Rising inflation has caused central banks across the world to raise interest rates and that in turn is showing an effect as there is a cool down in commodity prices and a big correction in stock prices.
There’s one asset class though which is usually late to the party , but when it arrives, Oh boy - it creates absolute havoc. Yeah, the one that was instrumental in the 2008 GFC - Housing
From the above graph its clear :
how sudden spikes have always been followed by a violent downmove be it in the late 70s or early 90s or the infamous pre 2008 spike.
The scariest part this time though : Average home value is spiking even as the median income has already started going down.
Inflations is at 4 decade high and adding to that mortgage rates are at a 15 year highs jumping the most in 35 years :
Its not only a double whammy…it may as well be a multiple whammy….
Now let us look at what the situation is in some of the european countries :
The Chinese housing market too is extremely fragile after the Evergrande fiasco with a lot of real estate companies put on junk/default list by rating agencies.
Yesterday, China’s largest developer Country garden holding ltd. being downgraded to junk territory in a sign of how far sentiment in the sector has fallen.
What about India ?
Will we see a similar trend in India ? Is it time to go underweight in real estate ?? I would bet on it…but the thing with real estate is " Years happen in a week "
Would love to hear your take on the overall global and indian scenario
You’re confusing the real estate sector and real estate. While the real estate sector might underperform in a recession, real estate as an asset class doesn’t necessarily. I’d underweight the real estate sector in a recession, not real estate.
The Indian real estate market also differs significantly from other real estate markets.
Already has started bursting in chennai though. Plenty of large high rise , houses , flats , big gated communities are sparsely occupied. Some gated communities recently built are nearly ghost areas where you can play counter strike. These are just around outskirts. Inside city NRI’s are still holding out but a recession in US is enough to kill the housing market here. I did a road trip to AP , same thing there, plenty of large new flats sparsely occupied to completely being empty.
If you want to know what’s real estate bubble pop looks like it’s those empty buildings.
This is only gonna get worse as IT sector companies can easily cut down infrastructure. With WFH the crowd from other districts won’t create the demand that was earlier there.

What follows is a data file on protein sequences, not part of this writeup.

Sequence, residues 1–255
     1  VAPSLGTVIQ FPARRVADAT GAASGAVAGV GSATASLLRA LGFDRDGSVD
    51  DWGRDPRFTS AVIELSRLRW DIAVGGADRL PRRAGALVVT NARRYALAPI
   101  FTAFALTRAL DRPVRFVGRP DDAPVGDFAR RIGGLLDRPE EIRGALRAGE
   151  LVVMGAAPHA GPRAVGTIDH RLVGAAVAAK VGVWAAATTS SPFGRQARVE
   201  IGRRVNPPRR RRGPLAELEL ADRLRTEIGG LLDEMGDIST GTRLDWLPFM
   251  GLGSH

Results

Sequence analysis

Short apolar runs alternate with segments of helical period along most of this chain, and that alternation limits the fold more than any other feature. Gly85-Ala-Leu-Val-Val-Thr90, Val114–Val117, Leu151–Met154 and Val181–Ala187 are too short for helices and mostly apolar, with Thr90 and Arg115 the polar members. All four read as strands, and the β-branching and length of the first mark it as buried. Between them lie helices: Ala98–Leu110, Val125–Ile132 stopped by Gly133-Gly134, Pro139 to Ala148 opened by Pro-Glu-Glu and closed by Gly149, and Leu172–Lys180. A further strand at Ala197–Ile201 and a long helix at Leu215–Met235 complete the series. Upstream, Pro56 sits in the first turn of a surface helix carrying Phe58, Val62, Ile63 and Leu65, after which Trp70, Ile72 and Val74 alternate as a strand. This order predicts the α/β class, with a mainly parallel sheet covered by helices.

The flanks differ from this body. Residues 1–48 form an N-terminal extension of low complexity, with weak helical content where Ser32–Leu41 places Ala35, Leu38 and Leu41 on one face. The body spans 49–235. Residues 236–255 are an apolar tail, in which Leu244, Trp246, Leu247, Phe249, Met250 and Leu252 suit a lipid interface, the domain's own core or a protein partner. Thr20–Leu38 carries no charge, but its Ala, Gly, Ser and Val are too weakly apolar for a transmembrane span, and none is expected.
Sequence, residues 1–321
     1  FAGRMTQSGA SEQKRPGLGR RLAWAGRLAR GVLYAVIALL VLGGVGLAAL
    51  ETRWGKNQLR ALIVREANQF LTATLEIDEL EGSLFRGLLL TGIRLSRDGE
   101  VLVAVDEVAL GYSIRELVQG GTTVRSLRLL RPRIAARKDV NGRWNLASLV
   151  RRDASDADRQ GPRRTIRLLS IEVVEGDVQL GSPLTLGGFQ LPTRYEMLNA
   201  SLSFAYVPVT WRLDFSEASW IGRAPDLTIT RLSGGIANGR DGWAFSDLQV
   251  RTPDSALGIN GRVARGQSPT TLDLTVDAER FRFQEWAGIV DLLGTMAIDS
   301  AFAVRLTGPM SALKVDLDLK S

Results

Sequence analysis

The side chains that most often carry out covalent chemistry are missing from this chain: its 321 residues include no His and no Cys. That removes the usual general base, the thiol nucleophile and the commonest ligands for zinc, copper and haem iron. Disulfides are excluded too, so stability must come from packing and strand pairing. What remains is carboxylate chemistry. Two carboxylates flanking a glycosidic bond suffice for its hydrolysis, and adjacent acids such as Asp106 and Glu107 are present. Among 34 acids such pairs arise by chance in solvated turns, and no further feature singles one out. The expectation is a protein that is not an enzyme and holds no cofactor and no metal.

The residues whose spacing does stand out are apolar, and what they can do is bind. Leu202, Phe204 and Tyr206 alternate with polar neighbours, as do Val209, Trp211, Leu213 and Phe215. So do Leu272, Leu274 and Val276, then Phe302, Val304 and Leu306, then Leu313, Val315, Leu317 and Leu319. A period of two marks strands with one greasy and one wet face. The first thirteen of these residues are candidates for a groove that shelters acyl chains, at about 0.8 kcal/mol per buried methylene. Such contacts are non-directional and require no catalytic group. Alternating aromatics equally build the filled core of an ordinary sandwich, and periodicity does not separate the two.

I think this phenomenon is restricted to few big cities for now.
In my locality in Kanpur (a tier 2 city in UP) people are signing up redevelopment agreements with builders to develop apartments on their 3000 to 5000 square feet bunglows. This trend is going on since the pandemic restrictions started easing in 2020. And those apartments are selling like hot cakes.
They are gonna remain empty or NPA by bank because of high interest rate. Back in the day there used to be concept of fixed interest rate even that’s gone means EMI would be high too. There is a point till which people will pushing through.
important factors are here :-
Rent is always lesser than EMI in the market. There is a certain ratio of income people would willing to give for paying EMI but with rising interest rates people would rather default and choose to rent.
Rent to mortgage ratio. Owning house is expensive as hell not to mention insurance, taxes and maintenance. Every house owner knows this for every 1 rupee rent it cost 1.5 to 2 rupee cost to live in own house. The 1.5 includes expenses towards house.
Building has no value but flats are overpriced af, high rise gives terrible Undivided share of land . Cost of construction is high too
Yeilds are terrible too
Initial real estate boom was mostly due to IT sector flourishing. But with WFM and IT companies cutting cost this going to be a major change.
For now from what I observed in tier 2 and tier 3 NRI’s are the ones creating that demand still now , but a recession in US or layoff is enough to stand still real estate here.
I’m just talking what I’m seeing in my locality around me.
None of the buyers are NRI. NRIs prefer to buy in big townships located on outskirts of city.
These redeveloped properties are just having 3 to 4 floors with 8 to 10 units of 2/3 bhk and these units are cheaper by 10-20% compared to flats at high rises.
Almost all these flats are being purchased by owners who were earlier living in rented properties and they’re are Government/PSU employees. There aren’t enough private jobs in my city. So no risk of bank defaults.
Well the thing here is that when you are redeveloping flats, undivided share of land reduces mostly. Remember building has no value. So they are not cheaper as they seem. And new flats are over priced as hell.
High rises differs some of them are completely planned projects and societies but the same applies there as well.